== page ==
1031 Exchange For Stocks? Tax Deferment Options

The 1031 exchange is a piece of tax code that allows real estate investors to sell their investment properties and defer the payment of capital gains taxes on that sale.

If you invest in stocks, then you may be wondering if the government offers a similar tax benefit to you.

Someone doing their taxes

Is There A 1031 Exchange For Stocks?


The 1031 exchange is a tool used for deferring capital gains taxes ONLY for real estate. The exchange can only be utilized to defer taxes on the sale of an investment property, and the money gained in the sale must be used to purchase another investment property.

The gains cannot be used to purchase stocks or anything other than an investment property. And you can’t defer taxes on the sale of a stock by purchasing an investment property with that money.

How Can I Avoid Taxes For Stocks?

That being said, there are methods to minimizing or eliminating the taxes paid on stocks. But how?

Forbes has a good article on deferring taxes on stocks, and I’ll reiterate some of their ideas below.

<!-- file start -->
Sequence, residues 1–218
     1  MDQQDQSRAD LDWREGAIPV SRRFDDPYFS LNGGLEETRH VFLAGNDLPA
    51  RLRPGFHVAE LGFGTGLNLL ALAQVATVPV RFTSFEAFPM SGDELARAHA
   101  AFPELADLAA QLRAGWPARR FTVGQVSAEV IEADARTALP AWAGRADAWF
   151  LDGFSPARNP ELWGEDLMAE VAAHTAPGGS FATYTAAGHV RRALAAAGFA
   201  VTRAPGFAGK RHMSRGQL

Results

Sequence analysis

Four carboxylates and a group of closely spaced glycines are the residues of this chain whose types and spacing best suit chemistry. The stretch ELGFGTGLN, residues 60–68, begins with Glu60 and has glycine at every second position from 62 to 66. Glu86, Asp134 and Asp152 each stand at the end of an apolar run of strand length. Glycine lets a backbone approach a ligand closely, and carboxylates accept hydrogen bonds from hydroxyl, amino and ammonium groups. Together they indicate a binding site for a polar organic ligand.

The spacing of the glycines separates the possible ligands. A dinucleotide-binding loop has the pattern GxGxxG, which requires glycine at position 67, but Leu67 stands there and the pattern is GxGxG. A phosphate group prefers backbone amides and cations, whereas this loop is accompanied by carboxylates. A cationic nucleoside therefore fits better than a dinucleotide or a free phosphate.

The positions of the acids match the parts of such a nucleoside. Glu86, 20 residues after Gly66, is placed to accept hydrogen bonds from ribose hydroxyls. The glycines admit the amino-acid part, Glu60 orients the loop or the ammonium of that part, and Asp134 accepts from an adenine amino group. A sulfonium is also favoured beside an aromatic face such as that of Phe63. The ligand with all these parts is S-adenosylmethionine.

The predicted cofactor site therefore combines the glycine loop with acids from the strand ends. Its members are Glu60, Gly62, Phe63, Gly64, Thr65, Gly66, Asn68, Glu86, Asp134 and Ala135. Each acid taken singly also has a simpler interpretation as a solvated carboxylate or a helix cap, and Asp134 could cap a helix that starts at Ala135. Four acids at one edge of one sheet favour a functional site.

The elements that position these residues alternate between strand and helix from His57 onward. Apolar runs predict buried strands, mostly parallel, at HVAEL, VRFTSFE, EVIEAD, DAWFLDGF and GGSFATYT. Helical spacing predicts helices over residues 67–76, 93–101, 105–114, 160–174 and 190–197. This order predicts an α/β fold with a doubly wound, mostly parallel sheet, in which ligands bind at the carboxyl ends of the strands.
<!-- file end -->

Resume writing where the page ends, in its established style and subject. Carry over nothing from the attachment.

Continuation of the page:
1. Watch your tax bracket

Just like income taxes, capital gains tax rates are dependent on your taxable income. For those with a sufficiently low taxable income, the capital gains tax rate is 0%. Here are the recent numbers.

  • in 2019, $39,375 (single filers) and $78,750 (joint filers)
  • in 2020, $40,000 (single filers) and $80,000 (joint filers)

This knowledge is going to come in handy later on, because we can now leverage every known way to lower our taxable income. If we have a high taxable income, we can use lots of techniques to lower that amount.

Here is U.S. News’ 15 ways to lower your taxable income:

  1. Contribute to a non-Roth retirement account (contributions can be deducted from your taxable income)
  2. Open a Health Savings Account (contributions can again be deducted from taxable income)
  3. Claim business deductions from a side hustle
  4. Claim a Home Office Deduction
  5. Write Off Business Travel Expenses
  6. Deduct Half Your Self-Employment Taxes
  7. Get a Credit for Higher Education
  8. See if You Qualify for an Earned Income Tax Credit